Leaks in DOJ Tobacco Case:
Today's New York Times offers an unusually public perspective on Justice Department infighting in the context of recent developments in DOJ's anti-tobacco suit. I haven't been following the case, but it seems that two weeks ago, at the end of a nine-month racketeering trial against the major tobacco manufacturers, DOJ changed the scope of the penalties it was seeking from $130 billion to $10 billion. The speculation was that this was a politically motivated decision imposed by DOJ political appointees, but in a USA Today editorial Associate AG Robert MacCallum denied the charge and offered other reasons for the change in policy.

  The latest development appears to be a leak by DOJ career lawyers indicating that the career lawyers involved in the case strongly opposed the decision but were overruled by DOJ political appointees who became actively involved in the litigation. The Times story is a bit cagey about saying that the career lawyers leaked the documents to them; the story refers to the documents as "newly discovered" documents "reviewed by" the Times. But I think I'm on fairly safe ground when I assume that DOJ career lawyers were behind the leak. A number of factual claims in the article are expressly based on anonymous sources within DOJ, and the story features the money quote by "a Justice Department employee involved in the case who insisted on anonymity for fear of retaliation": "Everyone is asking, 'Why now?'" the employee asks. "Why would you throw the case down the toilet at the very last hour, after five years?"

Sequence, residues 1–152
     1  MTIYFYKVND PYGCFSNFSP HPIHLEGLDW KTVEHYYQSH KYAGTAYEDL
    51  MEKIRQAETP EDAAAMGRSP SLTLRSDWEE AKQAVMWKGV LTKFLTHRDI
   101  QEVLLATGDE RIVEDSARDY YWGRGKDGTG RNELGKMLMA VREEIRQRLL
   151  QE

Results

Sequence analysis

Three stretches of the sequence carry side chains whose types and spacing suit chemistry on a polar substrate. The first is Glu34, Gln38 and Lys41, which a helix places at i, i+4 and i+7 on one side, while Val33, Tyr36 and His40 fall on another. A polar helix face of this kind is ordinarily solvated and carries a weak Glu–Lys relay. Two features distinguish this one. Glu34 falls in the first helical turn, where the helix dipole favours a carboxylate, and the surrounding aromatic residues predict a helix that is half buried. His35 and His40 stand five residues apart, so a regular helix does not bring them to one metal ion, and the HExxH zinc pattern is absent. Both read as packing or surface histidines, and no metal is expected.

I confess I don't know anything about the tobacco trial or its merits, or whether the change in the damages sought was proper or improper. (On one hand, the fact that DOJ politicals made the final call isn't suprising, as in my experience major litigation decisions are often made by DOJ bigwigs who are political appointees. On the other hand, this story says that the DOJ Office of Professional Responsibility is investigating the case, which suggests that political interference if it happened was a no-no. But beyond that I have no sense of the merits here.) Either way, it's pretty rare for DOJ career lawyers to be so ticked that they leak internal documents to the New York Times, which makes me think that we probably haven't heard the last of this story.

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